A dog of this size and strength must be properly trained, otherwise it will dominate the owner and take over the house! We have a great page on the 7 best dog training books, and we recommend that you take a look at that page - just click HERE.
You can also exercise your Wolfhound by taking part in sports such as running with your dog, Canicross, tracking competitions, and lure coursing. These activities will burn off your dog's energy and help to keep it fit and active.
Once back home, Irish Wolfhound dogs will love to stretch out on a comfy bed or sofa and snooze a couple of hours away. They can become couch potatoes if you let them, as they are so laid-back, but it's best to keep your dog active.
The origins of the Irish Wolfhound have been lost in the mists of time, and have become the stuff of ancient legend and myth. However, we know for sure that they resulted from breeding British big hounds with hounds from the Middle East used in coursing (ie. chasing prey).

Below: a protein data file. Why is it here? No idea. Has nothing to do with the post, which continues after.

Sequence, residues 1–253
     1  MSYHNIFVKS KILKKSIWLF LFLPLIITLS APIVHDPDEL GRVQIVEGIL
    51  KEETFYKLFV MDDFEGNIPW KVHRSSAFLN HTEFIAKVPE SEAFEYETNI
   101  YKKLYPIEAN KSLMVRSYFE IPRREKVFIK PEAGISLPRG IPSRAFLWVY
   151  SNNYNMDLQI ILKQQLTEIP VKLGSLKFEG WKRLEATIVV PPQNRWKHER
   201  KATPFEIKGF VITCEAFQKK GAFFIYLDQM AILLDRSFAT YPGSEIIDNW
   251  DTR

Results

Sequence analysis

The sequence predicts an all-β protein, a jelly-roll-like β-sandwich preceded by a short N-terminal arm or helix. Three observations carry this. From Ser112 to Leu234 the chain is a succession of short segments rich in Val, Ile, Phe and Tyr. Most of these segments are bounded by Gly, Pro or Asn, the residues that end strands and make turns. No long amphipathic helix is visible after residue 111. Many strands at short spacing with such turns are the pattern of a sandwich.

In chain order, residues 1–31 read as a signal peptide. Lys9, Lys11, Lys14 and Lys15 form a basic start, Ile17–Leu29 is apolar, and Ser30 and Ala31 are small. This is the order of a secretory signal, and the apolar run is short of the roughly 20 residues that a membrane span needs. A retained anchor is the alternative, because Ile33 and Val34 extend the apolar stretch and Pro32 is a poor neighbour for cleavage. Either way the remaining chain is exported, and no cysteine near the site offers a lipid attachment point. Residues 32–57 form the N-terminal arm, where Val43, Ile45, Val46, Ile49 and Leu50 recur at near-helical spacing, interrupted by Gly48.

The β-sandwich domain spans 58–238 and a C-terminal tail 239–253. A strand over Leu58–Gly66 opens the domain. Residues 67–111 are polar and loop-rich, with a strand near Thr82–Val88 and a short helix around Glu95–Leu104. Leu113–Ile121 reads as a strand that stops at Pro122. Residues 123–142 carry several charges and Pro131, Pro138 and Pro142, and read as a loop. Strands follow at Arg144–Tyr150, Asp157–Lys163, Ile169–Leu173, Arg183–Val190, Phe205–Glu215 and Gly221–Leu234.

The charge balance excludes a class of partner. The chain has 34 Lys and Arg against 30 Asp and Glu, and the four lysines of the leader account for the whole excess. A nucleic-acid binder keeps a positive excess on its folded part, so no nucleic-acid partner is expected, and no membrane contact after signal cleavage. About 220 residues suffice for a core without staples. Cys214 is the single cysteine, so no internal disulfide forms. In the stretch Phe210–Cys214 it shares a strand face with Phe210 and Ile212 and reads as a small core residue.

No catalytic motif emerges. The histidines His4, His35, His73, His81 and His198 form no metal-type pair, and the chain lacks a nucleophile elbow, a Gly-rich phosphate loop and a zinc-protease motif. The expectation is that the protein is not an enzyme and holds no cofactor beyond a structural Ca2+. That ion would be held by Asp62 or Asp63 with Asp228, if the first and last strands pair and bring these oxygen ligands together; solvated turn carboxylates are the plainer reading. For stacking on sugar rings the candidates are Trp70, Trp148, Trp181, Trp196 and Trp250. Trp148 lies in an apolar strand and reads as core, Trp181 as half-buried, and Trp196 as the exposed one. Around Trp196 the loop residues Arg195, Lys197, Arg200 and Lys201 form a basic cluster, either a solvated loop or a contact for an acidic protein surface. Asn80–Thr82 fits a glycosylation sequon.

When the Roman Empire reached the modern-day British Isles, the big dogs of Ireland were already well-established. A gift of 7 big Irish hounds was given to the Roman consul, and in Rome they were a wonder! It is thought that the Romans may have used them as war dogs.
But the Irish Wolfhound did not have that name at that time - it was involved more in hunting large game, such as the enormous Irish Elk, which by legend could stand at six feet tall at the shoulder. They were simply referred to as a "Big Dog of Ireland" - an ancient breed of large dog.
By the 15th century, there were hardly any Irish Elk left in Ireland, but there was a new problem - the countryside was gradually being over-run with wolves. The big hunting hounds that had been used in hunting the Irish Elk had a change of role, and they were switched over to wolf hunting. They were superb at the job.
At this time they were called several names, such as "Big Dogs of Ireland", "Greyhounds of Ireland", or "Wolfdogs of Ireland". The current name of Irish Wolfhound is a modern invention.
Unfortunately, they were almost TOO good at wolf hunting, and by the 17th century the wolf problem had gone away. The Irish Wolfhound was now redundant. Without a useful job, there was no reason to keep these giants. They nearly became extinct.